Like any year, 2017 had its share of interesting B2B sales success stories. For a few of these, the importance of creative sales techniques played the most significant role. This article will highlight a few such tales, addressing the major milestones achieved, the professionals who made them possible, and the strategies they used to achieve their goals.
Competing with products manufactured overseas can prove a difficult proposition for American manufacturers, primarily because of pricing. In many cases, foreign goods undercut the prices of those made in the United States, but that’s not the case with the story of 50 Strong, who recently secured a contract to produce 5 million plastic water bottles for retailer Walmart after a 30-minute pitch session.
A confluence of factors made this success possible, the first (and perhaps most notable) being that Ashley Thompson, the CEO of 50 Strong, took advantage of Walmart’s annual open call for American manufacturers — part of the company’s pledge to add more US-made goods to its shelves. This was a rare opportunity, one that offered little forgiveness for mistakes. Thompson was able to turn it into a success by keying in on the details her prospect valued most:
“For 50 Strong, selling to a large retailer, like Walmart, which has nearly $500 billion in revenue worldwide, means navigating the tradeoff between price and quantity. Lower prices mean lower profit margins, and less room for error.”
Thompson’s intimate knowledge of her product and ability to clearly express its advantages served her well. Combined with her ability to convince Walmart that 50 Strong could provide both a low price and substantial quality, Thompson was able to make her product that much more appealing.
In 2006, Splunk had a grand total of 150 customers under its belt. Fast forward to 2017 and the San Francisco-based B2B IT company has more than 13,000. According to an article in Harvard Business Review, the company’s VP of Global Field Success, Bart Fanelli, and his focus on identifying the right sales professionals for the job, was a significant boon:
“Splunk developed profiles that specified skills and capabilities relevant to each role… For a field sales position, for example, Splunk specified skills that managers could look for and discuss in the applicant’s work history during interviews–e.g., forecast accuracy, messages to relevant market segments, and other categories.”
While the authors of the HBR article note the approach might not have worked for every startup in every situation, they also highlight that having a streamlined methodology for bringing such talent into the fold is a key component for continued success.
Andrew Joyce created Found, an Australian job platform, in April of 2015. Over the course of seven months, in 2017, he was able to increase his company’s annual revenue to $1 million, a feat he credits to shifting focus to B2B sales. Attempting to gain traction solely online, he states, his team “tried a range of different search/display options, and couldn’t get results that were economic.” The approach worked, he believes, because of the added human touch:
“After all, nothing beats the conversation that a great salesperson can have with a potential customer. It establishes that you’re a ‘real business’, the salesperson can address any customer concerns, and the feedback (from missed sales) to the product team can be invaluable.”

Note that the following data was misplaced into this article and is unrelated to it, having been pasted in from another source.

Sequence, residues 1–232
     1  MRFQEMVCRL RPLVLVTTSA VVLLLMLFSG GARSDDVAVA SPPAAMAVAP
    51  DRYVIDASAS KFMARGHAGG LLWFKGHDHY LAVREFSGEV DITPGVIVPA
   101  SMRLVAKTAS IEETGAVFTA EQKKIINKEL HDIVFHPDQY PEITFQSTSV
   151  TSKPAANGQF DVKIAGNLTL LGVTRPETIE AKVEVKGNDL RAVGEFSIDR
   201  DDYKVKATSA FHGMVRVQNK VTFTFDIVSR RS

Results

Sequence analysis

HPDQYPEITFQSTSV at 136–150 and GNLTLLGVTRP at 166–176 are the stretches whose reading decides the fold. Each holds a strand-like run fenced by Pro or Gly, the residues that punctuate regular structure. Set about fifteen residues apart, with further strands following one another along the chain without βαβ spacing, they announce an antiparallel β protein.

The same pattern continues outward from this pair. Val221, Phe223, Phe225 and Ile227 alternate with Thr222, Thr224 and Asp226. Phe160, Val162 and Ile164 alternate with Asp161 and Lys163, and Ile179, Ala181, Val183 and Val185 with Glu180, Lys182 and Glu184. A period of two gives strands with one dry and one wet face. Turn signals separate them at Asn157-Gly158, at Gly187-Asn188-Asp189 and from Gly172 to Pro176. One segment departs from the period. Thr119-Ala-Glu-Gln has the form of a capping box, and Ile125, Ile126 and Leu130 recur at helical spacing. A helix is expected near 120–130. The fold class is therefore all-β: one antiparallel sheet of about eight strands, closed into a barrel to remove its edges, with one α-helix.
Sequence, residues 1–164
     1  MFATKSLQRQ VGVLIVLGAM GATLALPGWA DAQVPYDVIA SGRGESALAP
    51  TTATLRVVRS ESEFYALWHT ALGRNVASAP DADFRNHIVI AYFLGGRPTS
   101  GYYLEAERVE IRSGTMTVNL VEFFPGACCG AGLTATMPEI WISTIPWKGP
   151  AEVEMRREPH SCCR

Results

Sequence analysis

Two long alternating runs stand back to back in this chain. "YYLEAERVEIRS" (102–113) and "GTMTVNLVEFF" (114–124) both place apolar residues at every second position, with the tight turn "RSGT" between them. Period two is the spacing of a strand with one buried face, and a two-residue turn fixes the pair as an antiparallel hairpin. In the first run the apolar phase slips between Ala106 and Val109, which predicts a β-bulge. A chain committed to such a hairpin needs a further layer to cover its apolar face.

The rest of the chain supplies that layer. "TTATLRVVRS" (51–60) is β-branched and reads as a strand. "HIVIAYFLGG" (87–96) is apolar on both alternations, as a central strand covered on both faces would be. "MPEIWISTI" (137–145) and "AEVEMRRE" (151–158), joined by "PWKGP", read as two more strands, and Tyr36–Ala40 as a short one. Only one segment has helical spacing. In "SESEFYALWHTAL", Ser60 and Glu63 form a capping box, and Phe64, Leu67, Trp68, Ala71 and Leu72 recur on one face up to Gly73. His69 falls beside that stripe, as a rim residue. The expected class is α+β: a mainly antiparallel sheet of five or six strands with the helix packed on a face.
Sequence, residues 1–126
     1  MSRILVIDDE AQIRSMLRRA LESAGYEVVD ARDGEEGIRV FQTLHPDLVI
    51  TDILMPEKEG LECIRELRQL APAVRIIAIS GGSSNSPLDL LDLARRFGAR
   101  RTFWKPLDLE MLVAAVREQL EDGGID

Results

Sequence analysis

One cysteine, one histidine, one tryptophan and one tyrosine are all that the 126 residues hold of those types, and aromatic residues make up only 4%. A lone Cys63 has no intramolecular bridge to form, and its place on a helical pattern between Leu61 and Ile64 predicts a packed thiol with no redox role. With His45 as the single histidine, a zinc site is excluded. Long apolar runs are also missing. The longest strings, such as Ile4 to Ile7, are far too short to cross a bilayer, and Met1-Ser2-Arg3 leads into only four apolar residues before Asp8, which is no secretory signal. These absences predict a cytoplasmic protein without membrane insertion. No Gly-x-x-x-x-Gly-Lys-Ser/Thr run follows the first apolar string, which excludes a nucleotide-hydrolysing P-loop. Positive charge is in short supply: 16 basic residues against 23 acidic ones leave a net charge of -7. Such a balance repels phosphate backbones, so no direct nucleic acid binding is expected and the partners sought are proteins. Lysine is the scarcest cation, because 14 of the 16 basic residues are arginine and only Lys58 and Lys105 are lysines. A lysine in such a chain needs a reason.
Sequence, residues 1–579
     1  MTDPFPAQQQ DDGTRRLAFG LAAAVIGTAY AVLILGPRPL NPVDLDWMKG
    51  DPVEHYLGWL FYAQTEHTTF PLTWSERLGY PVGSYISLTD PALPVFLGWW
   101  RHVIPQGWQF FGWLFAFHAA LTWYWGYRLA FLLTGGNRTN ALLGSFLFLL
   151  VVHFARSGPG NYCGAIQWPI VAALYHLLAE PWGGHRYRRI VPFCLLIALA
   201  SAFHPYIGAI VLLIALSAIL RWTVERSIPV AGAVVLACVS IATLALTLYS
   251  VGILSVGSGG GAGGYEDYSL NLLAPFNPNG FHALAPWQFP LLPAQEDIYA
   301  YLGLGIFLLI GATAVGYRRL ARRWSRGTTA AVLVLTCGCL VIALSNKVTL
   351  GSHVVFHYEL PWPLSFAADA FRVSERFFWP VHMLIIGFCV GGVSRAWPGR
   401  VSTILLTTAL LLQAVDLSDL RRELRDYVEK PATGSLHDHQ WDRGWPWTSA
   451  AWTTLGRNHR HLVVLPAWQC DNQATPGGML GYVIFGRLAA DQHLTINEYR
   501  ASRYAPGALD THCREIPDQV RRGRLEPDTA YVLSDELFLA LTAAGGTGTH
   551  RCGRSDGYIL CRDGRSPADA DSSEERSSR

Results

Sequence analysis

Joyce added that because of the competitive nature of B2B markets, strictly online methods of capturing potential clients’ attention tend to fail. Branching out offline and cutting through the “noise” of the internet helped make a greater impact that Found turned to its advantage.
After BlackBerry was ousted from its position at the top of the smartphone food chain, the company’s revenues declined and its future seemed, to many, to be in peril. Shifting away from hardware and toward enterprise sales of software, however, has turned things around for the Canadian company in 2017:
“Software and services revenue rose 26 percent to $196 million in the second quarter ended Aug. 31 from a year earlier, above the average forecast of $175 million of two analysts polled by Reuters.”
By switching up its focus and providing its sales teams with renewed direction, BlackBerry managed to bag 3,300 orders in the second quarter of 2017. In Q3, it secured 36 deals with US Federal Government agencies, each over $1 million, and it also inked deals to sell its services for next-gen automotive software systems.
The successes have paved the way for the company to reverse its troubled fortunes, and BlackBerry plans on building on the momentum by hiring additional staff to support the company’s enterprise sales and marketing efforts.
In today’s technologically focused sales landscape, a diminishing percentage of cold calls net a meeting, and building a sales strategy around them, like Trinity Manning, Rod Brown and Ty McLaughlin of OnceLogix did, is an idea that should have been dead on arrival. They were able to make it succeed, however, by targeting a niche with a near-irrefusable offer:
“They targeted smaller customers that couldn’t pay the big startup fees their competitors charged, but would happily sign up for a subscription-based service at a price of $45 per user per month.”
The result? The trio has managed to gain a foothold selling software in 11 states across the South, generated $3.5 million in sales in 2016, and is on track for more than $5 million in sales for 2017 — proof-positive that an old-school, direct approach can still work if it’s concentrated on the right audience.